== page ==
|Year : 2015 | Volume
| Issue : 1 | Page : 2-4
Routine use of intracytoplasmic sperm injection: How much is it evidence based?
Abha Maheshwari, David Andrew Welsh
Aberdeen Fertility Centre, Aberdeen Maternity Hospital, Foresterhill, Aberdeen, AB25 2ZL, UK
|Date of Web Publication||20-Apr-2016|
Aberdeen Fertility Centre, Aberdeen Maternity Hospital, Foresterhill, Aberdeen, AB25 2ZL
Source of Support: None, Conflict of Interest: None
|How to cite this article:|
Maheshwari A, Welsh DA. Routine use of intracytoplasmic sperm injection: How much is it evidence based?. Fertil Sci Res 2015;2:2-4
Intracytoplasmic sperm injection (ICSI) was first started in 1992 as a treatment for severe male factor infertility.  More than a decade later, 0 Jain and Gupta  explored the trends in the use of ICSI compared with the proportion of those with male factor. They found that the diagnosis of a male factor had remained static over the period but the use of ICSI had increased. In data published by the Human Embryology and Fertilization Authority (HFEA, UK), about half (52.6%) of fresh in vitro fertilization (IVF) treatments in 2013 involved ICSI; a similar proportion to that has been seen in recent years (2012: 53.1%; 2011: 53% - HFEA trends and figures 2013). In the USA, 67% of all treatments were ICSI in 2013, although the diagnosis of male factor was again reported in a much lower proportion of treatments.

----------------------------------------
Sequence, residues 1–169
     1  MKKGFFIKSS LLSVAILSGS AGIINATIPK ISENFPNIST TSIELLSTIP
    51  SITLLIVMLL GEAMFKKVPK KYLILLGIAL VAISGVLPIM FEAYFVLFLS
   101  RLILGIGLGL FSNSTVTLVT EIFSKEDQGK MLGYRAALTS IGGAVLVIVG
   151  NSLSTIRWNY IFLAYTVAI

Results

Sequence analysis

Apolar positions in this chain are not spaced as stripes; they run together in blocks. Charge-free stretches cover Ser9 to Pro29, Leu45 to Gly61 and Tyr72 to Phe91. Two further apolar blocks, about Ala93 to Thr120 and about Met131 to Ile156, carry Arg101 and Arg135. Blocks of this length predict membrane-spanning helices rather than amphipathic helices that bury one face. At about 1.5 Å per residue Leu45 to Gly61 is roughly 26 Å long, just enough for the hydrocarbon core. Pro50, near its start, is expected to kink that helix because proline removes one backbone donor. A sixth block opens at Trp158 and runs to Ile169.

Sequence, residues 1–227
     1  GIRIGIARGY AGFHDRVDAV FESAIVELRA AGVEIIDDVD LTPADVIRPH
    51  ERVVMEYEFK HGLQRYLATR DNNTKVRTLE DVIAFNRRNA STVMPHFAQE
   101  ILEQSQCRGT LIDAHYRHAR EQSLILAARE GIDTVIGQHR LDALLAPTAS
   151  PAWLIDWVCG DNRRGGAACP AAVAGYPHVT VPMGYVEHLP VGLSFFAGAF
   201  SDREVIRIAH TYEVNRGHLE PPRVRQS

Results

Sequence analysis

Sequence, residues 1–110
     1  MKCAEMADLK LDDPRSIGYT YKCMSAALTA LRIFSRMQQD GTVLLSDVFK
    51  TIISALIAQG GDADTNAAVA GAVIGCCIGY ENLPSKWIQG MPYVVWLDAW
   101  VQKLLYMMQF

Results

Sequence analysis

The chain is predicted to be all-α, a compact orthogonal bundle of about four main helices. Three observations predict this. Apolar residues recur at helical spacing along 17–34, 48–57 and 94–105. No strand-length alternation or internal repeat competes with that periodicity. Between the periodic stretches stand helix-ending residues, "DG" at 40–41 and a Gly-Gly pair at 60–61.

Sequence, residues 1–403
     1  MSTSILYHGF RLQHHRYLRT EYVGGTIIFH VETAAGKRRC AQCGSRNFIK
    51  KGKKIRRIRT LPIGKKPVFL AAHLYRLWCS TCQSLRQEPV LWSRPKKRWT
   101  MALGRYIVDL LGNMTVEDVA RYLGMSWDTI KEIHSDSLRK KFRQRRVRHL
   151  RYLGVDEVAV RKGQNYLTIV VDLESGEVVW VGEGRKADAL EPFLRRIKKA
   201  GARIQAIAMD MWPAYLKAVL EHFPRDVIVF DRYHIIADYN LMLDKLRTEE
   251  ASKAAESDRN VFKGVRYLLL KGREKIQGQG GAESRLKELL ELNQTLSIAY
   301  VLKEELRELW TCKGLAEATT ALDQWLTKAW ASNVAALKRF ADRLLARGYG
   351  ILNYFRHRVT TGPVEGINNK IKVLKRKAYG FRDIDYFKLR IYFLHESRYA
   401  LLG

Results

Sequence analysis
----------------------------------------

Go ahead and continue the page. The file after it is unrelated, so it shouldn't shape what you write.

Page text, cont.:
It is, therefore, clear that ICSI has been used to treat other causes of infertility. In some clinics, almost 100% of IVF cases use ICSI as a method of fertilization. This raises the question whether ICSI should be used for reasons other than a male factor or even for all.
| Male factor infertility|| |